By Aurelia Beaty. Electric Bass Guitar. Published at Friday, August 31st, 2018 - 08:14:06 AM.
The neck, the soul of a bass! For this bass I'm going with a maple neck and a walnut lined maple fingerboard. I like the brightness of the maple and the crazy glue epoxy finish (more on that in another section). Normally, a maple neck tends to get all gunked up with finger oil and dirt because maple tends to soil easily, however with an epoxy finish I will not need to worry about that. Again like the body, you want to make the neck smooth and supple! A 400 grit rub down with the grain works great but make sure (and I can't stress this enough) to not press hard. I order my necks unfinished so I can color and finish it anyway I want (which we will in this tutorial with Tru-Oil) plus it's way cheaper (about $50 to $80 dollars more) which really makes a huge difference especially when you are on a budget and who's not these days! Just like the body it is important to let the neck hang between coats in a well ventilated area. You will finish the neck much like the body. Use a rag and rub in small circles with the finish covering the sections of the neck. Let the neck dry an hour at a time and buff lightly with with steel wool. Again you are aiming for about 10 to 15 coats. Like on the body,
All the parts separately would cost a lot more, but for about 18 bucks you get them all plus instructions and trust me, wiring a jazz bass is very very easy! I will go into this in more detail in the electronics section of the website to help clear things up. Another thing I like to do helps) is to line every part of the inside of the bass with copper foil tape. This helps to ensure that even if wires do come loose they will be grounded and shielded. This also helps prevent hums picked up from lighting and other electronic devices ( lights and certain electronic devices emit a 60 cycle hum that interfere with pickups and bass electronics). Now that everything is sealed, grounded and assembled its time to move to the neck.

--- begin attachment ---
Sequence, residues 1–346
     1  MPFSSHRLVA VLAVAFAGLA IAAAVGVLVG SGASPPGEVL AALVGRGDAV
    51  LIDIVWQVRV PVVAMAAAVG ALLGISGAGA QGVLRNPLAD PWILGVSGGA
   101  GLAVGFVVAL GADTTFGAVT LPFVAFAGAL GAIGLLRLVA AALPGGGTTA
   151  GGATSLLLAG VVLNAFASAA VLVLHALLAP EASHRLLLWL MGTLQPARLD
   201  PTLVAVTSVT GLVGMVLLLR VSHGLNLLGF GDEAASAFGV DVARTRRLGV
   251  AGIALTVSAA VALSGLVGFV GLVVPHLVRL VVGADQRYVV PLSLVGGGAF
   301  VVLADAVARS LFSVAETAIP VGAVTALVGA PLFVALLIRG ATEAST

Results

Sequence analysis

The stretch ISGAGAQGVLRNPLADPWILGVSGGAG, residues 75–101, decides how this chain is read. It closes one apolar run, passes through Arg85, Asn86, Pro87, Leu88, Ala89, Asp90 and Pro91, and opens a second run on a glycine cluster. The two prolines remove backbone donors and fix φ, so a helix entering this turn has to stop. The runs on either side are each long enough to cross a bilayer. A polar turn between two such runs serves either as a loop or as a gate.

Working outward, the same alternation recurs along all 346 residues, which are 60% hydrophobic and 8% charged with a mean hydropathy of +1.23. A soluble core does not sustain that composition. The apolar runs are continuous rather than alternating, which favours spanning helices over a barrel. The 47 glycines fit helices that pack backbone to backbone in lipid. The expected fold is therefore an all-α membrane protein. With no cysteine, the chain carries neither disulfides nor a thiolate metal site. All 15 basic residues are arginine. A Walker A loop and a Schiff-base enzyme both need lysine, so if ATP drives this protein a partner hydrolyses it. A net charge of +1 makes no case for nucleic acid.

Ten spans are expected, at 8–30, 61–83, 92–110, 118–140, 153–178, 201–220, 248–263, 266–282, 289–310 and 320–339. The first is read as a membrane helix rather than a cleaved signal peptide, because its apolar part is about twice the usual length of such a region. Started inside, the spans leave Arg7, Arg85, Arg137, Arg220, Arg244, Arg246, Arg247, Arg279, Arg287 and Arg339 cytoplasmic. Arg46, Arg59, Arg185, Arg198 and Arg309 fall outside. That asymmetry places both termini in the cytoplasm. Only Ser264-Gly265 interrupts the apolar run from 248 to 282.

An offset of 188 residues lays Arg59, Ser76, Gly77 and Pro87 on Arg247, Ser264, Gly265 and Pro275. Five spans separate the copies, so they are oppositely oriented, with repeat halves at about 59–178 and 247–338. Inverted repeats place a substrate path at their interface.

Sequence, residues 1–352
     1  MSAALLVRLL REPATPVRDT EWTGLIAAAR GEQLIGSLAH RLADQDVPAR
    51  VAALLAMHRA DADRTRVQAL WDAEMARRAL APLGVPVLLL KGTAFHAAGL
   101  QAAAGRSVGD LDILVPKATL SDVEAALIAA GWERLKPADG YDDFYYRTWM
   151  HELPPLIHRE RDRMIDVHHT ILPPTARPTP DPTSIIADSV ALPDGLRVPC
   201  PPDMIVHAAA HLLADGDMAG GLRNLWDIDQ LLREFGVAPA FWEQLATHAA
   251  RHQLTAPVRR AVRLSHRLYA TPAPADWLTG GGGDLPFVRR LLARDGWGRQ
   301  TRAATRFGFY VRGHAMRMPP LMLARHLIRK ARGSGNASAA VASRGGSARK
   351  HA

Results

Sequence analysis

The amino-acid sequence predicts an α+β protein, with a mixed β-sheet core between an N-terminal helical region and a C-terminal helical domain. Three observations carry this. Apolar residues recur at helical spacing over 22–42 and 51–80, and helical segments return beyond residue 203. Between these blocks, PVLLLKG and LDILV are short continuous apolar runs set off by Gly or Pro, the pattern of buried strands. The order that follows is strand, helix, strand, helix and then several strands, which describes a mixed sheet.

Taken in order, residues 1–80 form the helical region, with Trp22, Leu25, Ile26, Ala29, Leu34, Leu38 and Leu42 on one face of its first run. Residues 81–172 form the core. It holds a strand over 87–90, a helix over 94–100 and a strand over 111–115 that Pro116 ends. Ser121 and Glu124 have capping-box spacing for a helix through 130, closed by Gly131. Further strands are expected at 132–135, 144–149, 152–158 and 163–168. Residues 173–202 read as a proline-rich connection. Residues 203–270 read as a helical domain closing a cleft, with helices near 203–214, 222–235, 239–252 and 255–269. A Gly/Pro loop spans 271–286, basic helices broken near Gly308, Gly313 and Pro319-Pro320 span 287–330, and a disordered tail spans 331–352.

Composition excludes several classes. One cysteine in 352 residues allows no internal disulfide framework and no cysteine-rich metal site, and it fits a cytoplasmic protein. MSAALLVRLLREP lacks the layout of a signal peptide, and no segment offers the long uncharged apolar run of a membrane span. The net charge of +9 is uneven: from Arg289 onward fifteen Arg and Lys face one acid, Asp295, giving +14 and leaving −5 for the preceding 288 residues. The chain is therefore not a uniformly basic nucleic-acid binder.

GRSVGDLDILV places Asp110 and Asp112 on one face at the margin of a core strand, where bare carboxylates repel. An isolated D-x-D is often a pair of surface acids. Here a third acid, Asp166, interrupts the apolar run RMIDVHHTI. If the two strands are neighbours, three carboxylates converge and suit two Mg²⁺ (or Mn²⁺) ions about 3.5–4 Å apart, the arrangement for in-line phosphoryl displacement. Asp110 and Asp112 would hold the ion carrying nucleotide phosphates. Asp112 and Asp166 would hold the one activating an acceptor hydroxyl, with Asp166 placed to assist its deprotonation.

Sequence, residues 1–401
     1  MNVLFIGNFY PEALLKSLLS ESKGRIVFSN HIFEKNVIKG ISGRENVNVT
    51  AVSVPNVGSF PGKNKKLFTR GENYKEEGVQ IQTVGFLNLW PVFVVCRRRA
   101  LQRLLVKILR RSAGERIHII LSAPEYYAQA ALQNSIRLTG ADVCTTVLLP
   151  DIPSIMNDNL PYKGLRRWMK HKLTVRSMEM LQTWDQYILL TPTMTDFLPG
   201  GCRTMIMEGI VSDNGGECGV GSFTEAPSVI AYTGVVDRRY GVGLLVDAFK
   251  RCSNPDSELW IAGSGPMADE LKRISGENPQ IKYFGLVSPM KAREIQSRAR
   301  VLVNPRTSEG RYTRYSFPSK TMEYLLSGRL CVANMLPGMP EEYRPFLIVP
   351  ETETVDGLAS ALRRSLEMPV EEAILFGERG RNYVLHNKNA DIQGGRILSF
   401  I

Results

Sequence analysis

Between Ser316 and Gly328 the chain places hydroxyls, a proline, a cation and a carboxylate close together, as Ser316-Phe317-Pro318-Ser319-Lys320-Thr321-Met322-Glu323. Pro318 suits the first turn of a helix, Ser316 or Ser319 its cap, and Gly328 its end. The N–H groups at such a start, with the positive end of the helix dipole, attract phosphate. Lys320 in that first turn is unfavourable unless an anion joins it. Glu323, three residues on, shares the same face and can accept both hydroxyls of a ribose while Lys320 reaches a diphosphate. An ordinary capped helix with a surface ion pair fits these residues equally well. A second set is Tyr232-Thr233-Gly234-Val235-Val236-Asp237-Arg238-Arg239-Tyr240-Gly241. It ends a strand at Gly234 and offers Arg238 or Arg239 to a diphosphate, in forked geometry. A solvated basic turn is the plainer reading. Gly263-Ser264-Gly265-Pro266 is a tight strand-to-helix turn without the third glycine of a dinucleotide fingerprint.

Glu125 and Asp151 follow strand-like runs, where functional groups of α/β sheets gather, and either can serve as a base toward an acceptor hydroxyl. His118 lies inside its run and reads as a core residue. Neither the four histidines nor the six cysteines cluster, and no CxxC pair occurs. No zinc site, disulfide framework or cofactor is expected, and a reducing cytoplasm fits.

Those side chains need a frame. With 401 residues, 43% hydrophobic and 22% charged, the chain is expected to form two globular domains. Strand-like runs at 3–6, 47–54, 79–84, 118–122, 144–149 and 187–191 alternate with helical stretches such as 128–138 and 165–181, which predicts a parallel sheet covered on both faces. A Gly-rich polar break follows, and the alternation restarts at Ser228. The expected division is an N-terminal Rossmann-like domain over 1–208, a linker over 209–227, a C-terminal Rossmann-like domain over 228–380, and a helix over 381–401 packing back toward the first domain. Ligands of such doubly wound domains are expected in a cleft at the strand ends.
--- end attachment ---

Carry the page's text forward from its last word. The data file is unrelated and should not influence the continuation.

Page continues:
Below is a diagram showing how a standard P-Bass split coil pickup is wired as hum-canceling pickup. The pickups are wired in series. (For another example as having them wired in parallel, check out pickup_parallel_wiring. Notice that the split coils are actually out of phase here. It does not matter in this case that the coils are out-of-phase, since there are no other pickups here. If the coils are wired in-phase, then it becomes a single coil type of wiring, and you can expect to hear hum when your are near electrical fields. If you wish to add a J-Bass pickup in the bridge position, you will likely need to wire the P-Bass as a single coil, unless you thought ahead to by a split coil Jazz Bass pickup, as mentioned earlier.
it will gain a nice luster that will polish nicely with the wool. It is also important to remember that the neck needs to have a good amount of finish on it. This is because the neck is under constant pressure and any moisture can compromise the strength of the wood that leads to warpage. ( There are some woods that cant even take coats of like most of the African woods because they are too oily or waxy already.) I find that Tru-Oil needs a good day or two to cure which is why I always try to finish the body and the neck staggered one after the other.
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